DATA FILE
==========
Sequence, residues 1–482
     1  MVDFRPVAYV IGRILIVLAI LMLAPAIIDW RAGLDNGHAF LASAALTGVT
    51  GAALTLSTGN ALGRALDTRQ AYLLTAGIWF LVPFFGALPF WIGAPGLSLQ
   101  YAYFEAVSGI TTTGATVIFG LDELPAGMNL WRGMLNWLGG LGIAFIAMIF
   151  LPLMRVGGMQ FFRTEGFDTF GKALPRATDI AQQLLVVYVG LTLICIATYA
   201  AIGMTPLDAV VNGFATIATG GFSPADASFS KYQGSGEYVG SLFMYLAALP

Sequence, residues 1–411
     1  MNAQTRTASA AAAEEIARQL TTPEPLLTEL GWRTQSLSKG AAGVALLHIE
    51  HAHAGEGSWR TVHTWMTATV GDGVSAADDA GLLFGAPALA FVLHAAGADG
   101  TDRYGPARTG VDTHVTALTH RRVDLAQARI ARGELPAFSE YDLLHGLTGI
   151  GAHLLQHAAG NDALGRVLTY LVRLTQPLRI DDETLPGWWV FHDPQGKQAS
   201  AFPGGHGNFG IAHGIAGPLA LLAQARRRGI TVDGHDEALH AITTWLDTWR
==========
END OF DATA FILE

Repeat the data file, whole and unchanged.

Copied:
Sequence, residues 1–482
     1  MVDFRPVAYV IGRILIVLAI LMLAPAIIDW RAGLDNGHAF LASAALTGVT
    51  GAALTLSTGN ALGRALDTRQ AYLLTAGIWF LVPFFGALPF WIGAPGLSLQ
   101  YAYFEAVSGI TTTGATVIFG LDELPAGMNL WRGMLNWLGG LGIAFIAMIF
   151  LPLMRVGGMQ FFRTEGFDTF GKALPRATDI AQQLLVVYVG LTLICIATYA
   201  AIGMTPLDAV VNGFATIATG GFSPADASFS KYQGSGEYVG SLFMYLAALP

Sequence, residues 1–411
     1  MNAQTRTASA AAAEEIARQL TTPEPLLTEL GWRTQSLSKG AAGVALLHIE
    51  HAHAGEGSWR TVHTWMTATV GDGVSAADDA GLLFGAPALA FVLHAAGADG
   101  TDRYGPARTG VDTHVTALTH RRVDLAQARI ARGELPAFSE YDLLHGLTGI
   151  GAHLLQHAAG NDALGRVLTY LVRLTQPLRI DDETLPGWWV FHDPQGKQAS
   201  AFPGGHGNFG IAHGIAGPLA LLAQARRRGI TVDGHDEALH AITTWLDTWR